Cheney defends Bush-era anti-terror policies

US ex-vice president called the anti-terror policies "absolutely necessary".

New York: Former US vice president Dick Cheney defended the former Bush administration`s anti-terror policies including interception of overseas calls and interrogation techniques that sparked international outrage, describing them as "controversial" but "absolutely necessary".

"All of this turned out to be very controversial," Cheney told a crowd of about 10,000 at the Bakersfield Business Conference, California, as reported by the NY Daily News.

"But it was absolutely necessary," he said, over the weekend. Cheney, who has suffered five heart attacks, reportedly looked frail and was interviewed by his wife Lynne Cheney.

"She`s been my nurse, my negotiator with the medical community, and in return for all of that great help she`s given me, today I`ve agreed to let her interview me," said Cheney.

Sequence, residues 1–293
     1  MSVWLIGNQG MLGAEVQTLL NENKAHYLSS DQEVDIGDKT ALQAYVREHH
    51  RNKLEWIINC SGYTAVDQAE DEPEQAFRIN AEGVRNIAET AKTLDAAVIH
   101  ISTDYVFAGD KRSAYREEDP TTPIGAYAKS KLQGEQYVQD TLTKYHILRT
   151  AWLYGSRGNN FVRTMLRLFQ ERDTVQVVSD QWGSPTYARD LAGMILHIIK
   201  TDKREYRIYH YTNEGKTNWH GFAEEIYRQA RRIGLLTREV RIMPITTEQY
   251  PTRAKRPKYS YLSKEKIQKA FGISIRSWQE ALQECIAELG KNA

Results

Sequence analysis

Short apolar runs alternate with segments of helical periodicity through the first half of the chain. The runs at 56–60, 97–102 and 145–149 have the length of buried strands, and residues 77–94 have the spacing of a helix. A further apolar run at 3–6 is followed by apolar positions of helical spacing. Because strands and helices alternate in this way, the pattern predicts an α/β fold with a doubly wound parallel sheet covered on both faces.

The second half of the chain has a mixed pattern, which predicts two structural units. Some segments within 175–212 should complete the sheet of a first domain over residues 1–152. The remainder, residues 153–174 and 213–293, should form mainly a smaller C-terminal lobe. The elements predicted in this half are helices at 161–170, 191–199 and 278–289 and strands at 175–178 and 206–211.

This is said to be his first public appearance since his heart attack in July, the Daily News said, noting that Cheney, 69, had his first attack in 1978 when he was 37.

"A few weeks ago, it became clear that I was entering a new phase of the disease when I began to experience increasing congestive heart failure," Cheney said in a written statement, after his last attack.

"After a series of recent tests and discussions with my doctors, I decided to take advantage of one of the new technologies available and have a Left Ventricular Assist Device (LVAD) implanted," he added.

During the interview, Cheney joked with his wife about the book he`s writing on the four Republican presidents he has served.

"I got to work for all those presidents because I never said who was my favourite," he said, in response to a question by his wife, "So who`s your favourite?"